|Description||Rutherford was born at Ancrum Craig in Roxburghshire on 20 April 1839. He went to the University of Edinburgh, where he graduated MD in 1863, receiving a gold medal for his thesis. He acted as house physician at the Royal Infirmary to Daniel Rutherford Haldane, and as house surgeon to James Spence. For a year he was assistant demonstrator of anatomy at Surgeons' Hall under John Struthers, after which he went abroad to perfect his knowledge of experimental physiology. In 1865 he returned to Edinburgh, and was appointed assistant to John Hughes Bennett, then professor of the institutes of medicine in the University of Edinburgh. Bennett had already introduced classes in practical physiology, and these were further developed by Rutherford and Bennett's other assistants.|
In 1869 Rutherford was appointed professor of physiology in King's College, London, where he introduced courses in practical physiology and established a properly equipped laboratory. Rutherford's lectures were illustrated by attractive diagrams and by the performance of precise and delicate experiments. During 1871 and 1872 thirteen of his lectures were published in The Lancet. In 1871 Rutherford also lectured as Fullerian professor of physiology at the Royal Institution.
In 1874 when Hughes Bennett resigned because of ill health, Rutherford returned to Edinburgh as professor of physiology, and was the first occupant of the chair to eschew medical practice and clinical teaching. He devoted much valuable time to perfecting his lectures on physiology. This care rendered him one of the most successful and brilliant lecturers to have held a professorial chair in the University of Edinburgh. He was elected a fellow of the Royal Society of Edinburgh in 1869, and a fellow of the Royal Society of London in 1876.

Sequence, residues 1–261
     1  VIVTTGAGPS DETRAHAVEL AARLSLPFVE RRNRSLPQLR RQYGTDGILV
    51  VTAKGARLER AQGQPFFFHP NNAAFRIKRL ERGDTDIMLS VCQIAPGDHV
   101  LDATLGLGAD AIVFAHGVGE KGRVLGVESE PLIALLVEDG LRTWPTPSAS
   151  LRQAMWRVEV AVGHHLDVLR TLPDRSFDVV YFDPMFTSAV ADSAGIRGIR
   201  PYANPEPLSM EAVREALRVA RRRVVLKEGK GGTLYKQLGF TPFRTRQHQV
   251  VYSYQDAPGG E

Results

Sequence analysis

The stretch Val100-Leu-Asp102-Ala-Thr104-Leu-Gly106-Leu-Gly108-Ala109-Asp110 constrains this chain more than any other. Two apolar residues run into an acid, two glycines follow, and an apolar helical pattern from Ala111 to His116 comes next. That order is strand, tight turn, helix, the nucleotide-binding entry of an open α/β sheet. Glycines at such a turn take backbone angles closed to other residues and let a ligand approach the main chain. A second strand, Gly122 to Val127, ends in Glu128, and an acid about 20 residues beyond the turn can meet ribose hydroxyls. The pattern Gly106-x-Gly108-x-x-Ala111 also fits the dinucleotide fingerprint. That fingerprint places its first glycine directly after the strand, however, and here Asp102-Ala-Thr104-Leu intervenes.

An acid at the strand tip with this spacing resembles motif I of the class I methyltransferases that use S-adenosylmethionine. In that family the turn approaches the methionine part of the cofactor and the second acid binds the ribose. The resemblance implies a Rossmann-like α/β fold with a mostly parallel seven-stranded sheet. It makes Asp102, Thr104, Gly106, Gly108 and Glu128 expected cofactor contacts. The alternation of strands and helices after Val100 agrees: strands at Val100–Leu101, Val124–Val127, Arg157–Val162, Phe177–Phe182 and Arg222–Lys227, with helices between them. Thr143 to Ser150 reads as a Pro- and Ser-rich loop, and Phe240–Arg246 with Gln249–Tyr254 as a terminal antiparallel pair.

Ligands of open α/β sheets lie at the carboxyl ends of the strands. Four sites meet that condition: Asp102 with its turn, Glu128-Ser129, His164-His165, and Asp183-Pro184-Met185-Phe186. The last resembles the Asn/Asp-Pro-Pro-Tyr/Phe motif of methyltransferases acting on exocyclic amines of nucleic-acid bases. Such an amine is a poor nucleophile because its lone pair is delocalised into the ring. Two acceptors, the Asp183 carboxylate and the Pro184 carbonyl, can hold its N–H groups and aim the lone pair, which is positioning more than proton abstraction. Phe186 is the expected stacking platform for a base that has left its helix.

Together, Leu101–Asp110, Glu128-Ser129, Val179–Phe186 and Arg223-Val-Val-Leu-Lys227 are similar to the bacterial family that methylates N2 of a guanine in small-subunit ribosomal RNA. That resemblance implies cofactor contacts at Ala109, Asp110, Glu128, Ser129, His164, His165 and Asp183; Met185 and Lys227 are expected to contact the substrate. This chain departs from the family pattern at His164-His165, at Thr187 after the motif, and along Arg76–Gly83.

The science of histology owes much to Rutherford; he was one of the first teachers in Britain to introduce the improvements which had been found most serviceable in foreign laboratories. As a physiologist he was interested in the recondite problems of electro-physiology, and in the physiological action of drugs on the secretion of bile. The latter work led him into controversy with anti-vivisectionists, and a delay of four years in obtaining permission to carry out certain experiments. Later in life he moved into less contentious areas. He investigated the structure of crustacean muscle and the human special senses.
He was extremely sensitive to criticism and the controversies with anti-vivisectionists led to a nervous breakdown. This, and his interest in oriental religions and metaphysical speculation, resulted in moves to remove him from the chair at Edinburgh, which he successfully resisted. At the same time there was a serious rift between Rutherford and the wider community of physiologists. In 1889 and 1898 the Physiological Society refused invitations from Rutherford to meet in Edinburgh. Both the Physiological Society, of which Rutherford was a founder, and the Royal Society failed to publish biographical memoirs.
He died from influenza at his home, 14 Douglas Crescent, Edinburgh, on 21 February 1899.
[Source: Dictionary of National Biography]
Contents: Physiology notes, 1894